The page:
Speed is a factor in danger. Where I disagree with my hon. Friend is that he tends to make speed the only element of danger, or, at any rate, he would do that even if he did not intend to do it. Speed is a factor in danger. Five miles an hour going round a corner on the wrong side is dangerous and reckless driving; 10 miles an hour going through a little narrow village, with children coming out of schools and so on, may be dangerous and reckless driving, for which I would impose, possibly, severe penalties, according to the nature of the road and the circumstances of the case. Therefore, I want the motorist to feel that this is the case, but not merely by compulsion, because in the end this problem is not going to be solved so much by compulsion as by education, by the inculcation of a genuine social conscience. We do not think much of the man on the pavement who walks rudely into you and knocks into you. Nobody thinks much of him, and he does not think much of himself in two minutes' time. But, up to the present, a motorist who behaves rudely on the road does not feel that he has broken the social code. We must make the motorist feel that, when he is discourteous and inconsiderate on the road, he is not a British gentleman, and that we are not going to regard him as such. When we have reached that stage, by the inculcation of good conduct, we shall have done far more than by setting up a standard of 35 miles an hour, which may be a matter of the utmost danger.

Therefore, I am anxious that the minds of motorists shall be concentrated upon what is dangerous, reckless and careless in the circumstances of the case, and I think that the way along which we are going is the right way to attain that end. The penalties under our own Clauses are going to be severely increased, and I hope that in clear cases the magistrates will not hesitate to be severe in their penalties, and to disqualify dangerous drivers from driving. The Royal Commission itself, on this question of a speed limit of 35 miles an hour, said: The motorists will be encouraged to think, some of them, that, if they do not exceed the speed limit prescribed, they are driving with safety. Whereas 35 miles an hour may be quite safe under certain conditions, five miles per hour may be a danger in other cases. I quite agree with that. My hon. Friend, the Member for West Bermondsey, says that I am illogical in putting a speed limit on the heavier type of motor car and not on the light car. Really, however, there is no analogy between the heavier type of motor car and the light private car. The heavy car, in case of an accident, has a much more severe impact, and the result of the accident on human life and on the other vehicle is more severe. Then the heavy car travelling at a high speed is less under control than the light car. There is also the point which I have mentioned before, but I make no apology for mentioning again, that the heavy vehicle travelling at a high speed does severe damage to the road.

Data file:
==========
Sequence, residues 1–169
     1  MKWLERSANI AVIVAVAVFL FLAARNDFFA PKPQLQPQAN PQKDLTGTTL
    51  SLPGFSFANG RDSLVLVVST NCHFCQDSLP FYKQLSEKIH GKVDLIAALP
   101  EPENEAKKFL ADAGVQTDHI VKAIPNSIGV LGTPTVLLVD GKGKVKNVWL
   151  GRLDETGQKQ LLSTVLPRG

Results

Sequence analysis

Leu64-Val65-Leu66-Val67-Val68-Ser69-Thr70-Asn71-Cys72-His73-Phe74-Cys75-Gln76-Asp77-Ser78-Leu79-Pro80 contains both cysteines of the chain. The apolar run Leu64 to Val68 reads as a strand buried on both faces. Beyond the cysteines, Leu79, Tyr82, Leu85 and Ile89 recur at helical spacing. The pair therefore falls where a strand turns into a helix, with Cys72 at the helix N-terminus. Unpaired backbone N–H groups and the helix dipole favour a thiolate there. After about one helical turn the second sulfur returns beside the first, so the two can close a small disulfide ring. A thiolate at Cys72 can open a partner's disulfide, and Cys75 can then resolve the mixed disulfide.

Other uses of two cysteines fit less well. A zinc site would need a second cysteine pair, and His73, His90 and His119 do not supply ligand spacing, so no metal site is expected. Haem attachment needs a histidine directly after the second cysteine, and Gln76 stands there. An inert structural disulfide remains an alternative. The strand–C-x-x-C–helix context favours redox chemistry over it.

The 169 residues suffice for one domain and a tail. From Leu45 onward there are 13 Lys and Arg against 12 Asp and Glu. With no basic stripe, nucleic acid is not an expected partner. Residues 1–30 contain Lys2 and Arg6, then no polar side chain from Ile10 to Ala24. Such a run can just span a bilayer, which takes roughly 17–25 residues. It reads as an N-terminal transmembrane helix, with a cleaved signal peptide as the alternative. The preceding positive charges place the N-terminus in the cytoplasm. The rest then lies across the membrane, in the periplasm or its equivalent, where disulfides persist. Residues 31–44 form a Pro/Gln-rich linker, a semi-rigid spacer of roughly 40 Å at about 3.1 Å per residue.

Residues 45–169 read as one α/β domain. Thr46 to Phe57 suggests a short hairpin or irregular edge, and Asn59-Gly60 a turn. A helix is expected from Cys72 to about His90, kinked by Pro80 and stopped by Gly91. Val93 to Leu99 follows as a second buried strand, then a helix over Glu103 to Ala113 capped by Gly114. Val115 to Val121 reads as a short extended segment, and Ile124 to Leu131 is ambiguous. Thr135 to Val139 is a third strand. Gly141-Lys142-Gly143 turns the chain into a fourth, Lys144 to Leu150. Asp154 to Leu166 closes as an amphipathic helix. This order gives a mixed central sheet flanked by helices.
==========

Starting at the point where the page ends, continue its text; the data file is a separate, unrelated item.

I want to make this important announcement. There is an Amendment on the Paper which, I hope, will be of very great value. It will enable me to contribute out of the Road Fund towards the cost, equipment and maintenance of motor vehicles for the use of the police as a mobile force. I quite agree that, if we abolished the speed limit, we should be criminal if we did not redouble our efforts to deal with the dangerous driver. Every decent motorist would wish us to do so. The pedestrian policeman is clearly at a disadvantage in dealing with the dangerous driver, therefore we are going to empower the police authorities, and indeed give them every encouragement to provide a mobile police force mounted on motor cycles or motor cars. This force will not be provided in any spirit of vindictiveness, nor will it be extravagantly large, but it must be sufficient for its purpose. In view of the additional cost to local authorities which will be involved, I am asking for power to contribute to the police force out of the Road Fund. There will also be the high-way code which we are going to publish, and for which we shall secure publicity, on the basis of which we shall conduct education not only among motorists but among pedestrians as well, who equally need it.

The view that some people hold that every motorist is a villain and every pedestrian a saint really will not do. There are faults on both sides, and it is no less the duty of any Minister of Transport or of Members of the House, or of the pedestrian Association, to which my hon. Friend belongs, to educate the pedestrian into reasonable conduct, because unless he is reasonable he endangers his own life and the life of the motorist and others as well. In short, we have to educate everyone up to a high standard of conduct and decency on the road. In these circumstances, in view of the administrative intentions on the part of the Government, I hope the House will emphatically support us in this course of action. It is not good that the laws of the country should not be enforced. If we have laws on the Statute Book, they ought to be altered or they ought to be enforced, and I am going to alter them and bring them into accord with common sense. The vote that we are going to take in view of its exceptional nature, will be a free vote of the House. I think that is reasonable in all the circumstances of the case. The Government is perfectly clear and definite in its own view and my definite advice to the House is to reject the Amendment.